Rating: 1-5 (5 is an excellent or a Starred review) 5
What did you like about the book? This is a superlative picture book biography of Louis Braille. It emphasizes how he invented the system of reading and writing for the blind when he was a child. At the Royal School for the Blind as a child, Braille was hungry to learn to read and write. The few books at the school were short and unsatisfying to him. When a French army captain invents a code designed to send secret messages to be read by touch, Louis runs with the idea and invents the Braille system after much trial and error. It exists today with few modifications. Kulikov’s mixed media illustrations show the affection he has for Braille, and also echoes the love and support Braille experienced growing up in his village. The artist very effectively illustrates Braille’s thoughts and imagination by using chalk on a black background, contrasting with the warm full color illustrations of the rest of the story. Includes extensive notes about Louis Braille and the Braille system. I love how this important inventor’s childhood is fully fleshed out, so children today can appreciate how he invented his system as a child.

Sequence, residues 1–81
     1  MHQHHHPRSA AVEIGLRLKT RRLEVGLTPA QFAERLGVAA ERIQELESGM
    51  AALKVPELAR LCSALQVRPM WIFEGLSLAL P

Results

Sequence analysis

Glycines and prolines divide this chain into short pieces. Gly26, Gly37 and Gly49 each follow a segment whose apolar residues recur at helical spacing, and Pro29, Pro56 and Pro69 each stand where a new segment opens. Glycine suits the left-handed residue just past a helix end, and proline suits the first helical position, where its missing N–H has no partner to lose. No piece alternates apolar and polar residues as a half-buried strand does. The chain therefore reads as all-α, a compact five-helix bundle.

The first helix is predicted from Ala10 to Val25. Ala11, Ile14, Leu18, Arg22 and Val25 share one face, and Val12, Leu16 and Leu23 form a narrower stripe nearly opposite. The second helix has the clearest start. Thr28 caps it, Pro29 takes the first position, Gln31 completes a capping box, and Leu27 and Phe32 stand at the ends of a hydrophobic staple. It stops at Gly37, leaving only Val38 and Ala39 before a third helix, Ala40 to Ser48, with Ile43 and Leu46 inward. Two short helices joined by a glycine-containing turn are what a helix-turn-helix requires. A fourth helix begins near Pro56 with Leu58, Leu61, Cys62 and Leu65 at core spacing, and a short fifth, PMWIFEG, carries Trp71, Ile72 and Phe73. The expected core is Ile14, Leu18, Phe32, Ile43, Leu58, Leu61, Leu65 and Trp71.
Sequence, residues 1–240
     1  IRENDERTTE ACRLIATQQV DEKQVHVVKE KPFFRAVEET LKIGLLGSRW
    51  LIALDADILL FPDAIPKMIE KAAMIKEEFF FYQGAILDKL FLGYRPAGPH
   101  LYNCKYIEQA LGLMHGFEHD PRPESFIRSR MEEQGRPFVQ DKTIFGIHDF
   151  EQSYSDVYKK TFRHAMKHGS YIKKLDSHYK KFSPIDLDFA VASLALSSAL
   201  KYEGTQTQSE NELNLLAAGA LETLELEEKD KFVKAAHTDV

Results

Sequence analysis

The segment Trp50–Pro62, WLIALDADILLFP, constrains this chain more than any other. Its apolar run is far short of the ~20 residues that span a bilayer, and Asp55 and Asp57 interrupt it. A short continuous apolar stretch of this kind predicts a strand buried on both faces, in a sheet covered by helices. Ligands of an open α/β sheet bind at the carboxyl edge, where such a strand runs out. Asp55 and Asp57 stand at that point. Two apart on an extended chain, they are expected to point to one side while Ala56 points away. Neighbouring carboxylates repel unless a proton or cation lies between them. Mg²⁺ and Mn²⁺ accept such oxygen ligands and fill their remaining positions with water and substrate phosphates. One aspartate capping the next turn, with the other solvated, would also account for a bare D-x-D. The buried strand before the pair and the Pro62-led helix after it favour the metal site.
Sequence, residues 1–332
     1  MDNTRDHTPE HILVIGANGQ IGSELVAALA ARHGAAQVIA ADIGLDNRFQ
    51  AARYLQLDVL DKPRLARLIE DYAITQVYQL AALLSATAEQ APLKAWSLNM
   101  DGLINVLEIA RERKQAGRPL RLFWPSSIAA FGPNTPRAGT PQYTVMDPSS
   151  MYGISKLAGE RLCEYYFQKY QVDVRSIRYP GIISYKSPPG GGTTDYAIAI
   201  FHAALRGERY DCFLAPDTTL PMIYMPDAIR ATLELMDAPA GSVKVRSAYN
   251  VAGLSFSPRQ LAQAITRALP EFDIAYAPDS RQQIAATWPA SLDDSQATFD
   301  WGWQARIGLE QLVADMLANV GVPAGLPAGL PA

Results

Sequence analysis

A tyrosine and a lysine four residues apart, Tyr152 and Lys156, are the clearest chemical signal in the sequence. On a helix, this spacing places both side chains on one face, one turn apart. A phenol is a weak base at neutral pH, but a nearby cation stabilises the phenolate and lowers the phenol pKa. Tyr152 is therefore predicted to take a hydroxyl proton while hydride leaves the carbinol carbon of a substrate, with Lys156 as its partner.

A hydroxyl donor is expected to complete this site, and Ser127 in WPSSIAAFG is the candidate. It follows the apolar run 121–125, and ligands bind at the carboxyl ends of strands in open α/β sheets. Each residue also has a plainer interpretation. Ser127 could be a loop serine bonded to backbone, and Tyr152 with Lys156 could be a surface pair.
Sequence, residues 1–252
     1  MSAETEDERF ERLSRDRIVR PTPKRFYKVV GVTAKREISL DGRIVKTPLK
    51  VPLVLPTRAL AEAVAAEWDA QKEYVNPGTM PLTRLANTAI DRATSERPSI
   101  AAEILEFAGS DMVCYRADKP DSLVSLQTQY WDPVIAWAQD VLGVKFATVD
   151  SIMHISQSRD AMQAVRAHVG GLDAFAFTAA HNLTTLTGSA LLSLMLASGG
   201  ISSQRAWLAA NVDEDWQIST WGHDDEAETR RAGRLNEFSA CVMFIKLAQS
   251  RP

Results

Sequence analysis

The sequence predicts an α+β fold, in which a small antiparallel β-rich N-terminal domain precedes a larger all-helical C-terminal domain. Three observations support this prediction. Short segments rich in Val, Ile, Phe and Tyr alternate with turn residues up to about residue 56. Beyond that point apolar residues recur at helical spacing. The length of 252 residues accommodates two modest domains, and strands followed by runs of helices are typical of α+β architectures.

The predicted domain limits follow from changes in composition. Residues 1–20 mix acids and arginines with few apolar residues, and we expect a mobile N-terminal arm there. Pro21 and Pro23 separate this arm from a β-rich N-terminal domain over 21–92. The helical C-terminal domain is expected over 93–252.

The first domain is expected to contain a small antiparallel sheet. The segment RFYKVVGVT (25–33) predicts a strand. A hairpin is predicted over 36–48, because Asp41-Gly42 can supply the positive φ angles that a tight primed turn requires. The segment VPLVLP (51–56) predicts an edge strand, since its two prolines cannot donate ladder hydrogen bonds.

To whom would you recommend this book? This is a great resource for children interested in inventions, child inventors and biography in general.
Who should buy this book? Elementary school and public libraries
Where would you shelve it ? Biography
Should we (librarians/readers) put this on the top of our “to read” piles? Yes
Reviewer’s Name, Library (or school), City and State: Stephanie Tournas, Robbins Library, Arlington, MA
Date of review: December 29, 2016